In other faith traditions, we hear about the seven deadly sins. These are considered sins that literally and spiritually lead unto death. Various authors and writers in recent years have drawn links between popular social media platforms and the tendency of each one toward various sins.

As more young people—and people of all ages—spend increasing time on social media, I wish to echo and expand upon this conversation. Here are the seven deadly sins, and the social media platform I think most closely links to it.

Wrath & Twitter—U.S. Senator Ben Sasse of Nebraska recently said, “I took seven months off from Twitter and (upon returning) almost forgot that we’re supposed to hate each other.” What Senator Sasse observes is that Twitter’s defining mood is rage and wrath. As Christians, we are, instead, called to be peacemakers (Matt. 5:9).

Sloth & YouTube—Cats playing piano. Movie clips. Silly homemade videos. The social media video giant YouTube is home to millions of videos—some good, many worthless—in which a person could spend endless time consuming and viewing. YouTube can uniquely turn into a time trap, and Christians are called to redeem the time (Eph. 5:16).

Lust & Snapchat—As one of the most popular social media platforms among teens, this app supposedly lets people send texts, photos and content to people that disappears after a few seconds. This illusion of temporariness has given rise to opportunities for sexually explicit material being sent, and has become an incubator for inappropriate content. Of all social media, this is the one to be shunned (Mark 9:47).

Envy & Instagram—With glorious vacation photos, perfect-looking families and picture-perfect moments abounding, Instagram has become one of the fasting growing social media sites. While it does not have the discord of Facebook or Twitter, it does often lead people toward envying one another. When people can see only the perfection, not the imperfection and struggle, envy may be nearby (Gal. 5:26).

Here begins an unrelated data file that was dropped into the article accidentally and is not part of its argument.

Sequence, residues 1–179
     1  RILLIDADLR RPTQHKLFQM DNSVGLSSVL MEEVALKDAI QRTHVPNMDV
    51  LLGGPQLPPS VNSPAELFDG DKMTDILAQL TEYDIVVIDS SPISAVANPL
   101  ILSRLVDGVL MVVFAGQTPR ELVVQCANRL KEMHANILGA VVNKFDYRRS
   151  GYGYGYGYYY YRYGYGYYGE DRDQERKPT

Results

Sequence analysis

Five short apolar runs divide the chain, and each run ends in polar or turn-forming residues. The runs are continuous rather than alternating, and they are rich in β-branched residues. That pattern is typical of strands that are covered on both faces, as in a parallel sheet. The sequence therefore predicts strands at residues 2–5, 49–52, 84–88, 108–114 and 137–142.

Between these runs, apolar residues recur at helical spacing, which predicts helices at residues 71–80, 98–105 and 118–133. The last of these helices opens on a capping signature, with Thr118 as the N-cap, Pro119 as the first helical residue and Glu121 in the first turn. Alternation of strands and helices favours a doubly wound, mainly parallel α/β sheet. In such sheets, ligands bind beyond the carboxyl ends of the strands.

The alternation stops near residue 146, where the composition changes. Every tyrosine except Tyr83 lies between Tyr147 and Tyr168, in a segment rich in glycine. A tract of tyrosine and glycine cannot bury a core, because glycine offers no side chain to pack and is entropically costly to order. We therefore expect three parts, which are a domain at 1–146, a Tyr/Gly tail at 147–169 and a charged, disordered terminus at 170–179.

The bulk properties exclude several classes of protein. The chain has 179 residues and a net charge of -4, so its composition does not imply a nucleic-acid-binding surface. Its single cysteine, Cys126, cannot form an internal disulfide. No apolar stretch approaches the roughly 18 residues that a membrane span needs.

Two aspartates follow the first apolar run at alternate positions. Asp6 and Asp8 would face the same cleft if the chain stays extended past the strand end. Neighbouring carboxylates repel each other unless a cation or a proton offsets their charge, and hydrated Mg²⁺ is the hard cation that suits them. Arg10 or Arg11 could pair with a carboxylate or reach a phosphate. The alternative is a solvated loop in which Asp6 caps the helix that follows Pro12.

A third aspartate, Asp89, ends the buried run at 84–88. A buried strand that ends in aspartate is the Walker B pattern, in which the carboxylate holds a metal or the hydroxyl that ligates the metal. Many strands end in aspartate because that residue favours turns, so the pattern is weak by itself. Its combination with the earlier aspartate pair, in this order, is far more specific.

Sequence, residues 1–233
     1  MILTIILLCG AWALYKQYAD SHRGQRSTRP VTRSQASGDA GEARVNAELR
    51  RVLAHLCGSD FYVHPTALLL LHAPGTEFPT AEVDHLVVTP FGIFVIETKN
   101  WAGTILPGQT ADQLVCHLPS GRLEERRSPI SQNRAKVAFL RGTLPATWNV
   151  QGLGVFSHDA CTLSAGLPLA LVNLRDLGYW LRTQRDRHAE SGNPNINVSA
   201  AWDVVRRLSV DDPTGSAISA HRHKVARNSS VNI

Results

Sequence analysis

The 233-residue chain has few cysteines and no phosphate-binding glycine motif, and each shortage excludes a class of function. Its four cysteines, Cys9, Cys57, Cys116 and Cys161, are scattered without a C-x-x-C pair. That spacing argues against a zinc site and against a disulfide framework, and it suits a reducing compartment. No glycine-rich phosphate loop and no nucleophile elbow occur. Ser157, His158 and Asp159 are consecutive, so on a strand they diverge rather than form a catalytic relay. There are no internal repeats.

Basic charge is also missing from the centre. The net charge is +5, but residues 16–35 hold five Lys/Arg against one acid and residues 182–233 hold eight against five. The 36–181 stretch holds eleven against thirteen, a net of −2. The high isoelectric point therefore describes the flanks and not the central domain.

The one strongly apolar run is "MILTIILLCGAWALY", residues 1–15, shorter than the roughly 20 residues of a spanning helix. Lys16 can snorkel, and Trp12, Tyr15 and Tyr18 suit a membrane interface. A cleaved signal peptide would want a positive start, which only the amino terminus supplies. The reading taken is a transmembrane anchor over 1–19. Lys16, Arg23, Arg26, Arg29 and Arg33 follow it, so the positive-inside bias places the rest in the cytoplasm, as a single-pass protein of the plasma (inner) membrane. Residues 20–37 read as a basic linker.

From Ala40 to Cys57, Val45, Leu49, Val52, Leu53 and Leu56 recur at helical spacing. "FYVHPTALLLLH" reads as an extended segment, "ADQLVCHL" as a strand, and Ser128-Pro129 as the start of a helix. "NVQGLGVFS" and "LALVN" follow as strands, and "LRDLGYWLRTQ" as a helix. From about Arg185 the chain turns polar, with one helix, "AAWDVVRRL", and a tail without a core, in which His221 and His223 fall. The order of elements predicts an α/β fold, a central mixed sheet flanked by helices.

Greed & LinkedIn—People are creative when drafting their resumes, and the social media platform LinkedIn is one giant networking event. While people ought to work hard and earn a living for their family and the glory of God, we need to remember the poor and vulnerable and not elbow others out of the way, so we can win in our careers (Heb. 13:5).

Gluttony & Pinterest—From home décor to fancy cuisine, Pinterest is home to a lot of creative content. At the same time, it can become a celebration of luxury or excess. Terms like “food pornography” are used to describe meals that inflame the appetite. While the social media tendency toward gluttony is probably the least potent, Christians must guard against disordered appetites (Prov. 25:16).

Pride & Facebook—It has been said that pride is the parent of all sin, and Facebook is the king of social media. Russell Moore, president of the Ethics & Religious Liberty Commission, said that people have a craving not just to be right, but to be seen to be right. Facebook shows this. Think of the average Facebook argument, post or pic, and it often devolves into someone taking pride in themselves. Most of us are on Facebook and most of us are given to pride. Ask the LORD to give you a spirit of humility, including online (1 Pet. 5:5).

While these social media outlets offer much good and opportunities in the world—and the platforms are only as good or bad as the people using them—Christians must be aware of the tendencies and leanings of each one, even as we try to be salt and light on them. Jesus said “go and sin no more,” and that extends to our deadly sins on social media, too.